The other week we had a series of power cuts in our town. It doesn’t happen very often here where I am, but there was particularly bad weather recently which damaged some cables; but sitting in the dark winter evening, my phone low on battery power, it made me realise just how much we rely on electricity for nearly everything these days. We don’t even have a gas supply so we were completely cut off from doing anything! Now it might sound obvious, but it’s easy to forget how dependent we are on modern conveniences until it’s suddenly taken away and you’re sat in the cold surrounded by tiny little tea-light candles. The following Sunday, the sermon at church touched on the fear of God, which got me thinking about how that concept is still kind of strange to me—God is love, He’s our Father, we’re His children… but then we are to also fear Him?  What does this have to do with electricity and power cuts, I hear you say—I’ll come to that in a moment. I’ve often been taught that the word “fear” used in this context actually means “respect”, so I decided to look up the Greek and Hebrew words that are used when we see the words “fear God” in the Bible. It wasn’t exactly what I expected to find. 2 Corinthians 5:11 is where I began, as that was the verse quoted in the sermon. Knowing therefore the fear of the Lord, we persuade men, but we are revealed to God, and I hope that we are revealed also in your consciences. I thought I may see a Greek word with a semantic range which includes “respect” or “honour” maybe, but what I found was the word φόβος (phobos) which literally means “alarm or fright; be afraid, fear, terror”. It’s also where we get our English word “phobia” from! So I went forward a couple of chapters to this verse: 2 Corinthians 7:1Having therefore these promises, beloved, let’s cleanse ourselves from all defilement of flesh and spirit, perfecting holiness in the fear of God. But again, the word “phobos” was used, so now I decided to search across the New Testament for this phrase, and the next passage that came up was in Romans. Romans 3:18“There is no fear of God before their eyes.” This is part of a larger passage which ends on this verse about the fear of God (still using the same Greek word), where I saw a footnote to say it had been a quote from Psalm 36:1. Ah, I thought, maybe the Hebrew word used for “fear” will show something different! I thought wrong. This particular verse in Psalm 36 used the word פַּחַד (p̱aḥaḏ), which has a wide meaning such as: a (sudden) alarm (properly, the object feared, by implication, the feeling): — dread(-ful), fear, (thing) great (fear, greatly feared), terror. So again, the type of fear is an actual fear!  A little searching through the Old Testament revealed that the word “fear” has a couple of other Hebrew words which lie underneath the English translations, one of which does also mean “reverence” as well (יָרֵא [yârê], found in Gen 22:12 and 1 Sam 12:14). So maybe there is an element of that understanding in the Greek by the time the New Testament writers came along who meant that ‘fear’ as awe and reverence as well. So this all leads me back to where I was a week or so ago, sat in church listening to a sermon, wondering when my power would be back on. As I thought about all of this, the combination of electricity and the fear of God combined into something that helped me put some perspective on it: the fear of God is like a live, sparking electric cable.  I’ll clarify my thinking—if we saw an electric cable on the ground, flailing around and sparking  everywhere, we should be fearful of that because touching it could kill us! But when electricity is used right, it is good for and to us; it provides power and comfort etc. Without it we lose access to pretty much everything these days and go into darkness—Much like if we lose sight of,...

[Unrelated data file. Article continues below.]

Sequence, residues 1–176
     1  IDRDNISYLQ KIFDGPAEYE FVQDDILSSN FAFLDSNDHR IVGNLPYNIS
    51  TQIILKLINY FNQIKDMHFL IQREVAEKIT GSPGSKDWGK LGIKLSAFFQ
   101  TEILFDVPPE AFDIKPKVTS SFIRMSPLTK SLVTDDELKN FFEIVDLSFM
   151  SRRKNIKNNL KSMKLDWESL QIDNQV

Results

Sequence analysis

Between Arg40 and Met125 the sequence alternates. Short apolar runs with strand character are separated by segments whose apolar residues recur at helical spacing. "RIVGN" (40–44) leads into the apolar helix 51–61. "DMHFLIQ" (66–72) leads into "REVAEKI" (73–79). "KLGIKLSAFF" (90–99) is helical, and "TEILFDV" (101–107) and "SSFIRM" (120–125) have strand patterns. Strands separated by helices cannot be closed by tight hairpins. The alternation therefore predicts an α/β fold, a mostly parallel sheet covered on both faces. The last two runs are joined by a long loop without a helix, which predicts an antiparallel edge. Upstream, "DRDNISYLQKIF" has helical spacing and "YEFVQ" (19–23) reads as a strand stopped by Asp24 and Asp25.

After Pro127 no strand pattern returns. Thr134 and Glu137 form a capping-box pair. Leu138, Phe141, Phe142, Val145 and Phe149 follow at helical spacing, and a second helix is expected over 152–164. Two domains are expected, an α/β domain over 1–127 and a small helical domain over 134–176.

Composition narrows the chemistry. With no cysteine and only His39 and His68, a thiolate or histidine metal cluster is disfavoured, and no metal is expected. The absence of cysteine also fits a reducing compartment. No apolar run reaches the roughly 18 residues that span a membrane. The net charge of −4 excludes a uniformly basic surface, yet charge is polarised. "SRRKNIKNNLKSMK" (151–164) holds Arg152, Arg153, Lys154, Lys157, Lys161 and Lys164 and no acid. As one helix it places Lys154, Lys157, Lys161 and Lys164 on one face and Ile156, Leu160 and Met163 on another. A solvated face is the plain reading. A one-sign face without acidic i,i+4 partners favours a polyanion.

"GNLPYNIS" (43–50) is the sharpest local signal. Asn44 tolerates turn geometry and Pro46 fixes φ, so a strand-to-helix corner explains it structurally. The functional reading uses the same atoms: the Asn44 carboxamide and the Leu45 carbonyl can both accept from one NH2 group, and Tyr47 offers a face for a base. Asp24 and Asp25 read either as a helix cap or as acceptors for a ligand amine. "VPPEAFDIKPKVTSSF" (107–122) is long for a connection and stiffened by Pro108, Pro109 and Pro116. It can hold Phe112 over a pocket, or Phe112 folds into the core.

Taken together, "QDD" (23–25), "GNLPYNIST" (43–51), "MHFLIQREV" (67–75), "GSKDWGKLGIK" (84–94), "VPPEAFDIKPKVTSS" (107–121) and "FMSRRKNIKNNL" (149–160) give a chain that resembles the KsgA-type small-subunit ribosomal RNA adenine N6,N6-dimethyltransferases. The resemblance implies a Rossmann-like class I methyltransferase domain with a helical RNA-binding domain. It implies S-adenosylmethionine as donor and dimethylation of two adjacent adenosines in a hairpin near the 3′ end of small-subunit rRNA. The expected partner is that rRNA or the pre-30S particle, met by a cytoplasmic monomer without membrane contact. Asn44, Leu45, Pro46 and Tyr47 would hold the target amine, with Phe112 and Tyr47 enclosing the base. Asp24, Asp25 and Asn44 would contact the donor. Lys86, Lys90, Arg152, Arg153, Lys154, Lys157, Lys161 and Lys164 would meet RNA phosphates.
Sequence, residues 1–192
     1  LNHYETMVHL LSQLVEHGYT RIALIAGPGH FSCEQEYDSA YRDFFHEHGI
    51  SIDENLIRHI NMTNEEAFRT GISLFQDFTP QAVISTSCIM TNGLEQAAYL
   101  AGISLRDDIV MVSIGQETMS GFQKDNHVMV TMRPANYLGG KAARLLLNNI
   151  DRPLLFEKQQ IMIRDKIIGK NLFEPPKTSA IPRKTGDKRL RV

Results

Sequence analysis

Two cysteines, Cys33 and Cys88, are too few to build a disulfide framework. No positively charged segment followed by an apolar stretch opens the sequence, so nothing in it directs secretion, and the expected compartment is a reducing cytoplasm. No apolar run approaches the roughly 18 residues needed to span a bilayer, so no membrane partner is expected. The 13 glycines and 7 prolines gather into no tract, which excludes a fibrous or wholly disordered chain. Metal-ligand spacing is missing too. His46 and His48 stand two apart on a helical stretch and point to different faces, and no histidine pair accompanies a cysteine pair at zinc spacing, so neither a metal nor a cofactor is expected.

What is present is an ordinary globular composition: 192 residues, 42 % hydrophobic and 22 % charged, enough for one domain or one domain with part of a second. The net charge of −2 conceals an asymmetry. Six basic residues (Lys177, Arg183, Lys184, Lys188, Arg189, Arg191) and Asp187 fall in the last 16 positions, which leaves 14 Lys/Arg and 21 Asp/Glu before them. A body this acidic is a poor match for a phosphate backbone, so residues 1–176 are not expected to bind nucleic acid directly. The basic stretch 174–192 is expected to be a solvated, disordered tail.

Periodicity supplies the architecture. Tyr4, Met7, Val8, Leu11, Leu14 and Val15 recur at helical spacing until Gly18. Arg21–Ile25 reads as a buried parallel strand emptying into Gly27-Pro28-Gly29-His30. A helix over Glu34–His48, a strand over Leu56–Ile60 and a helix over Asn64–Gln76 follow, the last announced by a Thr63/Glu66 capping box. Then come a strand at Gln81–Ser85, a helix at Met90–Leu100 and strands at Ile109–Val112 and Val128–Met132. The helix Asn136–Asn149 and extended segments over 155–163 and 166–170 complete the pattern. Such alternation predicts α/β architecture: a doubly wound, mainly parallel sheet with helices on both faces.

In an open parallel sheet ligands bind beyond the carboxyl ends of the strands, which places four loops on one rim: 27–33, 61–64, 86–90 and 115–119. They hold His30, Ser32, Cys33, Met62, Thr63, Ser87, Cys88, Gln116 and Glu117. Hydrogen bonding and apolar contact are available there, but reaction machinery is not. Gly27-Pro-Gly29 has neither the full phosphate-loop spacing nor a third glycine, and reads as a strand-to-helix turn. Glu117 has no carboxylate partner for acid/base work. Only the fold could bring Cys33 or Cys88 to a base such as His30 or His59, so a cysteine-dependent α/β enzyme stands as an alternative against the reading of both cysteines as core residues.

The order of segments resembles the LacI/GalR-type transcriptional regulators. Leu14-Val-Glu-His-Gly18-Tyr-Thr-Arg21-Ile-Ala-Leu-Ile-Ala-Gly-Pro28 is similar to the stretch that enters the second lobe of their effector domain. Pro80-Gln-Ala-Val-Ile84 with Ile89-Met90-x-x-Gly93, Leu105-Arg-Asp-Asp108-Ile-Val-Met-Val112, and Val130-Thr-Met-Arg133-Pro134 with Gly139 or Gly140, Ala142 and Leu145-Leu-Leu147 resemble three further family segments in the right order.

Patristics.info has launched!

| 13th September 2019 | Early Church

Hey everyone, so I’ve launched a new website called Patristics.info to be a new resource for all things early church related. I’ve added a few texts which I already had formatted from my book manuscript, plus other resources like timelines, maps, recommended books etc. I’ll be adding more soon in the coming days. I’ve also created a “topical index” page too which is auto-generated from the tags on the pages to aid with searching, plus I created a word highlighter on each page so you can search keywords in a text and have them highlighted if you’re looking for particular things. If anyone would like to be involved to contribute resources or blogs, or have any book you’ve written which you’d like linked/advertised on the site then just get in touch! I want this to be as useful a tool for people who are interested in this area as much as for people who are new to Patristics (the early church fathers). Features and functionality Much of the site is ready to go in terms of functionality and resources etc for the time being. I’m still working on adding more Early Church texts to the site, but this takes a lot of time as I need to transcribe them from unformatted text into a nicer format for reading, plus inserting all of the footnotes as well (I’m currently half way through 1 Clement now). While I mention the footnotes, I’ve created a feature similar to Wikipedia where if you hover on a footnote number, it will display a popup with the footnote text in it hopefully making it simpler to read the Patristic text and quickly see any additional information from the original translators as you go. This should also work well on mobiles too. Inline footnote hover popups Another new feature I’ve created is the Quote Search page: https://patristics.info/quote-search.html This is an experimental tool at the moment while I still perfect it, but please give it a go and submit any feedback if you can. The page will allow you to search a keyword and bring up a list of contextual quotes from within the Church Father texts where that word is mentioned. As far as I’m aware, there’s nothing else like this available online in this format so I hope it will prove useful for study! Example quote search for the word “baptism” I hope that you enjoy the site and find it a useful tool. Please share it online etc. and if you want to get involved with creating blogs or resources just get in touch, or if you feel so inclined, you can support this project financially via Patreon: https://www.patreon.com/LukeJWilson Go and explore the site today: Patristics.info !...